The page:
Secondly, the NI LFS is a sample survey. Because of this, estimates of population characteristics are subject to sampling errors. This is especially the case when small numbers are involved (for examples economically inactive males aged over 20). In these cases inter-religious differences are within the range of sampling error. Despite the need for caution, the NI LFS provides a useful summary of trends in youth transitions in Northern Ireland; the trends are plain. Confidence in the general patterns being observed is strengthened by similar trends noticeable in other sources such as the SELS, the Continuous Household Survey (CHS) and the 1991 Census of Population.

Charts 4.1 to 4.5 should be viewed together to gain an overall picture of the status of young people. In keeping with the remarks made about the necessity of considering youth transitions as a whole, the participation rates for each state are calculated as a percentage of the total Population in each year age group. Chart 4.1 shows employment rates; the feature that stands out is the higher Protestant employment rates, Charts 4.2 and 4.3 suggest some reasons why this might be the case. Looking first at participation in government training schemes, Catholics consistently have a higher proportion in training than Protestants, particularly at the age of 17. The unemployment rates revealed in Chart 4.3 are intriguing For 16 and 17 year olds, the proportion of unemployed Catholics is about the same as that of Protestants. For those older than 17, Catholic rates of unemployment appear to increase faster than Protestant rates until they are about twice as high. Chart 4.4 shows participation in education. Generally,, the participation of Catholics in education is higher than f or Protestants, though for 18-24 year olds there is some doubt about the accuracy of this assumptions. Finally, Chart 4.5 suggests that Catholics are much more likely than Protestants to be economically inactive (excluding those in education).

These overall presentations of the situations of Young Catholics and Protestants conceal interesting differences once gender is taken into account. Tables 4.1 and 4.2 accordingly present similar data for males and females respectively. Again, the two tables should be considered together. just looking at the experiences of each gender, they show that males of both communities have higher fates of participation in employment and government training. At the same time, females of both religions have higher rates of participation than males in education and other economic inactivity, There are thus many features that are in common between Catholics and Protestants in the general shapes of youth transitions

Table 4.1: The Status of males aged 16-24 by religion (percentages)


Source: NI LFS n=3194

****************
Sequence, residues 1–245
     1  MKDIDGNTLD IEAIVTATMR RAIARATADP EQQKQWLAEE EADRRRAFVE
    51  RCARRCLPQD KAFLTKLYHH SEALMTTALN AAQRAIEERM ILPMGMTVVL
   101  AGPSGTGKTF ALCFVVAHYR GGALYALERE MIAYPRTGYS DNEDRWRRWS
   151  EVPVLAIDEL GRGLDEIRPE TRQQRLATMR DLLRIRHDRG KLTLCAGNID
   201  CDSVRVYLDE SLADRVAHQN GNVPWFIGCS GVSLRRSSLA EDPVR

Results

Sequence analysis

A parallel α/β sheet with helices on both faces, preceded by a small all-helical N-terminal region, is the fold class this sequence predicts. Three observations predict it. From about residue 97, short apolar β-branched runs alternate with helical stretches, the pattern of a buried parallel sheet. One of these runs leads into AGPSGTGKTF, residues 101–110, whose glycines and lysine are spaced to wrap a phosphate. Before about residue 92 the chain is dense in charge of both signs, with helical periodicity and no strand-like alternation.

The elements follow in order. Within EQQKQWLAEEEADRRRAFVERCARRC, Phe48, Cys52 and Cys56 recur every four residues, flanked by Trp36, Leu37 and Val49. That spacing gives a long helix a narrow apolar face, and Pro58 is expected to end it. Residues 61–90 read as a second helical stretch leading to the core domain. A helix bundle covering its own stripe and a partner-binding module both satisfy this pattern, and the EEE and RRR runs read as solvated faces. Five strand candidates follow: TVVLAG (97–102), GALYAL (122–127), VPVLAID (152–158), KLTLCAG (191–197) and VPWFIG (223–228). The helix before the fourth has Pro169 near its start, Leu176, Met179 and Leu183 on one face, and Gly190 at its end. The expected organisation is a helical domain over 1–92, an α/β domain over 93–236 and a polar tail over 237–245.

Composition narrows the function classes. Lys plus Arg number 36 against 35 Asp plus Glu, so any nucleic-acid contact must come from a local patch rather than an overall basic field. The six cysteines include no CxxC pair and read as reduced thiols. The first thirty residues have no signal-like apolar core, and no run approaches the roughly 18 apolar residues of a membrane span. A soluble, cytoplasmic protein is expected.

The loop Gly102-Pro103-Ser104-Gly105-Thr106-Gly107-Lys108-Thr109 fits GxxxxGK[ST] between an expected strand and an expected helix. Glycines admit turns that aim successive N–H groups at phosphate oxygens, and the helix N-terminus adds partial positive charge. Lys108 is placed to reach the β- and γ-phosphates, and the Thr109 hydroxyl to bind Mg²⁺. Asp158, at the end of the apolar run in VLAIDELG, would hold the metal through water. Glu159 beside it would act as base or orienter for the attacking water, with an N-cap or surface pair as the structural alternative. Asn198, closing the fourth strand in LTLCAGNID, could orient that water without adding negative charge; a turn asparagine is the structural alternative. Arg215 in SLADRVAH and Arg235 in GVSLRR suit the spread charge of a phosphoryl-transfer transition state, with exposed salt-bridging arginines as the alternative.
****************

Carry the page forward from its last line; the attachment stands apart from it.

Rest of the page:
Table 4.2: The status of females aged 16-24 by religion (percentages)


Source: NI LFS n=3290

However, differences creep in once participation rates are considered by gender and religion. For males, the contrasts between Catholics and Protestants are especially marked. As a general feature, Catholic males aged 16-18 have higher rates of participation in government training and post-compulsory education than Protestants. To balance this, Catholic males have lower rates of employment. For males aged over 18, the religious differential in unemployment rapidly increases so that Catholic males have eventually an unemployment rate about two times higher than their Protestant counterparts. For females, the picture is not so clear. Catholics younger than 18 tend to have lower participation rates in post-compulsory education than Protestants. At the same time, those older than 20 generally have higher rates of economic inactivity (excluding education) than their Protestant counterparts.

The first observation to make about these patterns is that the processes producing religious differentials in the labour market were still operating in the late 1980s and early 1990s. Differentials amongst older age groups might be dismissed as being a product of inequities in the Northern Ireland education system and labour market in the 1940s and 1950s and thus, in some sense, an historical relict (Eversley 1989). Well-documented historical inequities (Bardon 1992; Smith and Chambers 1991) cannot explain contemporary processes which are differentiating new entrants to the labour market and are influencing contemporary school leavers.

It is difficult to explain these patterns. They need not necessarily reflect direct discrimination on the basis of religion amongst young people. Structural explanations of religious differentials in unemployment rates and occupational structure have been well-rehearsed (Compton 1991; Smith and Chambers 1991) and could just as easily apply to young people as well as adults.

However, this type of explanation refers mainly to adult unemployment. For young people, something more appears to be happening, particularly for males. The main feature, especially for those aged 16-18, is a lower Catholic employment rate and a greater participation in education and training. once this 'scheme effects ceases at the age of 18, unemployment differentials begin to climb steeply. Two competing hypotheses, with very different policy conclusions,' can be used to rationalise this greater participation in education and training. The first is that Catholics,, because of a history of high relative communal unemployment and because they live in areas of high unemployment, are 'discouraged workers' (Raffe and Willms 1989). In its simplest form this approach suggests that young people are delaying entry to the labour market by continued participation in education because they expect to have a higher chance of becoming unemployed. A modification of the hypothesis could be used to explain higher training participation. The second argument is that Catholics are seeking to accumulate human capital so they may compete in what they rationally expect to be a tough labour market.